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Concluding Thoughts on the NTAIBC and the FBFI

In the Nick of Time

Kevin T. Bauder

Over the past several weeks I’ve been writing about the founding of the New Testament Association of Independent Baptist Churches and the renaming of the Fundamental Baptist Fellowship from the old Conservative Baptist Fellowship. This is not ancient history, but it is history that has been largely forgotten. Many younger leaders who have come up in these circles do not know where the organizations have come from, how they are related to each other, or how they are connected to the larger world of Baptist fundamentalism. Some do not appreciate how momentous it was for the two groups to meet together in Watertown this year. Perhaps, having reviewed the history, a few observations are now in order.


New Testament churches have always enjoyed some level of cooperation and even organization outside of and beyond the local congregation. They have sought and offered mutual counsel, issued common statements, and engaged in mutual labors. They have often taken a mutual stand in the face of some common threat. The pattern for such extra-congregational cooperation can be found in the New Testament itself.


New Testament believers have not always organized their extra-congregational cooperation in exactly the same way. Sometimes churches have worked together, while at other times individuals have cooperated. Some forms of mutual work have involved both at the same time. As long as the autonomy of the local church is upheld, no particular pattern can be taken as the exclusive, biblical pattern (though some patterns are clearly anti-scriptural).


Cooperation against common dangers tends to drive us together more quickly than cooperation to achieve common goals. The experience of Baptist fundamentalism tends to illustrate this point. Fundamentalism began as a coalition of believers who perceived the danger of religious liberalism. More than anything else, they were driven together by their common opposition to liberalism. The awareness of danger tended to mask certain real and important differences between fundamentalists.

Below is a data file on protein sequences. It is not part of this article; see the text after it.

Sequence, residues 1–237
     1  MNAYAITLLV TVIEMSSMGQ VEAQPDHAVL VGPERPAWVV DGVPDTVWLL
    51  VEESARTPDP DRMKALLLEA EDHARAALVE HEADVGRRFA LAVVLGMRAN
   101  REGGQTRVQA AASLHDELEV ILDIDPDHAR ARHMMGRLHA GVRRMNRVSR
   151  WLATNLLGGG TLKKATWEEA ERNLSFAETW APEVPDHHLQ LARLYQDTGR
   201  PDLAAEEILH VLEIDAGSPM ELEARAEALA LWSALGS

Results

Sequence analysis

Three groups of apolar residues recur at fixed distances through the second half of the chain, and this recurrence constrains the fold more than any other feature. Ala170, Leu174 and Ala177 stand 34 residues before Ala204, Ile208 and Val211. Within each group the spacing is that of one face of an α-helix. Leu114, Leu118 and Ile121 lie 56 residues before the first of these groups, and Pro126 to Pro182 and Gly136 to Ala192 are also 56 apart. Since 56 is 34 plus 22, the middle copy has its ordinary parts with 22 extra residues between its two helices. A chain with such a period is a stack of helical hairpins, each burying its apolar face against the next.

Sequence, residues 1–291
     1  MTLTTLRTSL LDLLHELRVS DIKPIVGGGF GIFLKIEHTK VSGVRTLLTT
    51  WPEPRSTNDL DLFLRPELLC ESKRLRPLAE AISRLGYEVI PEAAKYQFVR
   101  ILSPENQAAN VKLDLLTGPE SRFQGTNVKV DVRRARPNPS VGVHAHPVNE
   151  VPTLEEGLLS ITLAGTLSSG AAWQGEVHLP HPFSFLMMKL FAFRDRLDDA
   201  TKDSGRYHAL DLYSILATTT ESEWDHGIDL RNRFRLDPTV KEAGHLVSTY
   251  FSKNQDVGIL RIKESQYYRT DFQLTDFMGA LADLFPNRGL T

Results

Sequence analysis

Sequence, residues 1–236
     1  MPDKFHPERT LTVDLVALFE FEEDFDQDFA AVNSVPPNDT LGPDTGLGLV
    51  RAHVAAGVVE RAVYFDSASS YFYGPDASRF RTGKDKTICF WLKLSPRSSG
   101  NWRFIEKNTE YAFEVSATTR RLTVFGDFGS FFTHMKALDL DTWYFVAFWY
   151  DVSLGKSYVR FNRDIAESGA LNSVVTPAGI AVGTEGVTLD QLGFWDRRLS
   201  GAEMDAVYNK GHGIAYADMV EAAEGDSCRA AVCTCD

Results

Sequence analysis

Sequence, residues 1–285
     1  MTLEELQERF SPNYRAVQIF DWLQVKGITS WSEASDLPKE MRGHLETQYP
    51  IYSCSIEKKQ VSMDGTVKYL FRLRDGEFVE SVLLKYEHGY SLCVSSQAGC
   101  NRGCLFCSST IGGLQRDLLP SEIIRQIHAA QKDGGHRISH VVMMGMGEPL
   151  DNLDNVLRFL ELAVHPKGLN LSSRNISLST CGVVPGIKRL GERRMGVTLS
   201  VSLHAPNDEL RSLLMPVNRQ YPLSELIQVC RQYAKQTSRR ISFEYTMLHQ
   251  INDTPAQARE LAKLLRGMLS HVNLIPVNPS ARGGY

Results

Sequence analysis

Over time, old threats fade away and new threats appear. Modernism gave way to neo-orthodoxy, and that to a bewildering variety of contemporary non-conservative theologies. Neo-evangelicalism began as an effort to build bridges to liberals (and neo-orthodox) in toleration, cooperation, and infiltration. Many theological conservatives adopted what can only be called a methodological liberalism. The Charismatic Movement arose to eviscerate the authority and sufficiency of Scripture. Those who failed to identify the new threats found themselves fighting the battles of the past while capitulating to the enemy they ought to have been fighting at the moment.


Organization to achieve common goals takes greater agreement than organization to oppose common enemies. Consequently, people who have organized for defense often find that they are unable to work as closely when the threat has ended and the focus shifts to constructive work. If the level of danger is sufficiently low, and if sufficient resources are available to individual churches, then organized cooperation begins to disintegrate. Churches focus on laboring individually rather than cooperatively, or they cooperate on a merely ad hoc basis.


Those who agree about principles and goals may nevertheless disagree about priorities and implementation. People regularly agree about good things they wish to do, only to find that they disagree deeply about how those things ought to be accomplished or the order they ought to be accomplished in. This phenomenon occurs because we live in a fallen world, view reality from limited perspectives, control limited resources, and must consequently weigh one good against another.


We are constantly tempted to identify the success of our own priorities, party, or even personal leadership with the success of our principles and goals. This tendency is natural: if we did not believe that our program was the best one overall, we would choose another. Nevertheless, we risk thinking that we are defending truth when we are actually defending ourselves.